India had a golden age in art and culture in the 1950s. Independence sparked a robust, questioning artistry. While Satyajit Ray was pioneering the nation's art cinema, commercial film-makers such as Raj Kapoor (Awaara), Mehboob Khan (Mother India) and Bimal Roy (Do Bigha Zamin) were grafting influences from Hollywood melodramas and Italian neo-realism onto the Indian tradition of musical narrative. Pyaasa, which means thirst, is the most soulfully romantic of the lot.
Vijay (Dutt) is an unpublished poet, dismissed by family and office colleagues but befriended by a prostitute (Waheeda Rehman). In a twist out of Sullivan's Travels, Vijay is believed dead, and his poetry posthumously lionized. The writer-producer-director-star paints a glamorous portrait of an artist's isolation through dappled imagery and the sensitive picturizing of S D Burman's famous songs. And Waheeda Rehman, in her screen debut, is sultry and radiant — a woman to bring out the poet in any man, on screen or in the audience.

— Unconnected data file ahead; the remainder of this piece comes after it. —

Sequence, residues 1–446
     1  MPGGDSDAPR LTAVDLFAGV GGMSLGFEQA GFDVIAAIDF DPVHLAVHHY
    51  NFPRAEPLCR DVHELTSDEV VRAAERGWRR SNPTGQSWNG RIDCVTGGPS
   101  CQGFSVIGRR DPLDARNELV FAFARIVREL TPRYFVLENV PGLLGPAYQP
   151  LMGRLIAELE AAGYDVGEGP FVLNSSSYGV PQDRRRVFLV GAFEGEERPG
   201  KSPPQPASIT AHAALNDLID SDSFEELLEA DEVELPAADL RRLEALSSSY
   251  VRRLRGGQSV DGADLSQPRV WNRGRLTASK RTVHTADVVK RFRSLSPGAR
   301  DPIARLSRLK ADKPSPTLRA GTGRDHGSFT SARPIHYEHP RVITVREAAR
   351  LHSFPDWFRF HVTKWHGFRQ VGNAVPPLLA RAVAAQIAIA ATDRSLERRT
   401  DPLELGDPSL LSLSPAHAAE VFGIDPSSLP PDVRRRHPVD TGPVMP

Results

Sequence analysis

Weaving the magic of Pyaasa, one more time, at Prasads Preview Theater, is Moving Images - The Film Club, that's the brain child of Bimal Roy's daughter, Aparichita.
Please contact Ambika on 4009-6363 or Ramkiran on 98491-60105 for further details.